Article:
Fachbereich 7

Sprach- und Literaturwissenschaft

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Professional Writing and Discussions: Language and Philosophy in "Black Mirror"

DozentIn: Andrew Jones, B.A., M.Phil.

Veranstaltungstyp: Seminar

Ort: 41/E11

Zeiten: Mi. 12:00 - 14:00 (wöchentlich)

Beschreibung: Professional Writing and Discussion classes are designed to allow students – under the guidance of their course instructors – to undertake a more active and independent development of their language skills by applying them to a specific topic area. Ultimately, the central aim of these courses, whatever topic area and skills focus you choose, is to facilitate your transition into a self-sufficient and proficient user of the English language. You will continue to train your productive and receptive language skills, you will further expand your lexico-grammatical knowledge in connection with the specialist language used in the course, and you will acquire supplementary cultural knowledge on English-speaking countries. You will be expected to attend class regularly and contribute actively and intelligently. Furthermore, you will need to complete oral and written tasks during the course of these classes, hold a graded session and submit a final written portfolio.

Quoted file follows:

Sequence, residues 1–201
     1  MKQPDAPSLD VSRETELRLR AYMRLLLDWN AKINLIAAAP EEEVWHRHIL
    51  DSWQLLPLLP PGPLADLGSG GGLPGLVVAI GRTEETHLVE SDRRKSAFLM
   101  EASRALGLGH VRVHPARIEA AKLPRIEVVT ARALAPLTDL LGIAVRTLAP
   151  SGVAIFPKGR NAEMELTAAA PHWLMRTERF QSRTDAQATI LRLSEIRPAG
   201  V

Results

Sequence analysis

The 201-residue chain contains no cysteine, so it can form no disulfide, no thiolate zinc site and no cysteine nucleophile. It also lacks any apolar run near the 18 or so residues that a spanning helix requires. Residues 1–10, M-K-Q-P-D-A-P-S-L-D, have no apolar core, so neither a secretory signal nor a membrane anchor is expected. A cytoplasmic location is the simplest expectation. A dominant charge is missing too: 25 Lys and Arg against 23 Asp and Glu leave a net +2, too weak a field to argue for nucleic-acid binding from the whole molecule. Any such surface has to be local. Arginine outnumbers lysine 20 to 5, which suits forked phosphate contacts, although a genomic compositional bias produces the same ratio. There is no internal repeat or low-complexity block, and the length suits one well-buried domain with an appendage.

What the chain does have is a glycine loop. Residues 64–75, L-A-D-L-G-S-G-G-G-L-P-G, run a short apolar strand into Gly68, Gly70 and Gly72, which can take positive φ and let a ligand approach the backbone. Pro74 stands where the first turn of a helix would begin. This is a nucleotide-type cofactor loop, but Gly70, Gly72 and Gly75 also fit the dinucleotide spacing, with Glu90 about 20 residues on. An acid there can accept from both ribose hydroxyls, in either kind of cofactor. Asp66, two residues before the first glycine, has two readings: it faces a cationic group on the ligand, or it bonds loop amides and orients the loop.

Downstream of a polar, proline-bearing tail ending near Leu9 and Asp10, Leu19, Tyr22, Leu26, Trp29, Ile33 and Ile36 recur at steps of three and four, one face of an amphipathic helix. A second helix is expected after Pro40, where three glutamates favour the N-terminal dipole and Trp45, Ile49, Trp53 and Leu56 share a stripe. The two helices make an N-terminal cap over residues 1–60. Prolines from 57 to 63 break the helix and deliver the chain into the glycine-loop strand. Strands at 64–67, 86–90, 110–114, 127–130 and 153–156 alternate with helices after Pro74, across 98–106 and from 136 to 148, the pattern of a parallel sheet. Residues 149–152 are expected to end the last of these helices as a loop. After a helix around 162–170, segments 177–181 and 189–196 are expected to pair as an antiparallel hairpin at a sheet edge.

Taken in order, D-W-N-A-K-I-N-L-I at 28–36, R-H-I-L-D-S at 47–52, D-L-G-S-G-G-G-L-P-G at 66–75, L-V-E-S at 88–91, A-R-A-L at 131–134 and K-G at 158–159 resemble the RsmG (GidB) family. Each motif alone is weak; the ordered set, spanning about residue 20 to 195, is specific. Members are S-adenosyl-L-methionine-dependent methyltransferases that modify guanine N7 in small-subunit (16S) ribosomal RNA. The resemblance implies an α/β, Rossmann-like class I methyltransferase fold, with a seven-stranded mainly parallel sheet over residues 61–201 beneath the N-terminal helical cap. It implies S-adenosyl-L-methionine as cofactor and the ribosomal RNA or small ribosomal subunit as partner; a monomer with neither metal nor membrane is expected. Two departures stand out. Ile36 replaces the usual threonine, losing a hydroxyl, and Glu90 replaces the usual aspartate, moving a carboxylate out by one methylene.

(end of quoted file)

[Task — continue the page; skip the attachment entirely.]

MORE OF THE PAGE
This particular course is for students who are interested in exploring how language and philosophy interact with the series "Black Mirror". Needless to say, you will need to watch a substantial number of episodes of the show, meaning that regular access to a Netflix account is necessary. We will examine the relationship between Artificial Intelligence, philosophy and ethics within the context of professional and personal life, crime and punishment, romance, conflict, loss, grief, virtual reality, parenting and power dynamics. Subjects up for discussion will include privacy, security, personhood, justice, revenge, spectacle, voyeurism, corruption, instant gratification, online culture, corporate responsibility, personality politics, mind and consciousness and how all of these build on philosophical theories of e.g. utilitarianism, deontology, statehood, free will, determinism, aesthetics, moral luck, moral obligation and much more.

Up to seven spots in the course can be allocated in advance to students who come to one of my office hour on July 1st, 8th or 15th and confirm both that they are prepared to commit to taking the course and that they have identified topics that they would like to investigate for their class session. All other registrations are provisional and will be allocated based on factors such as level of need and semester of study.

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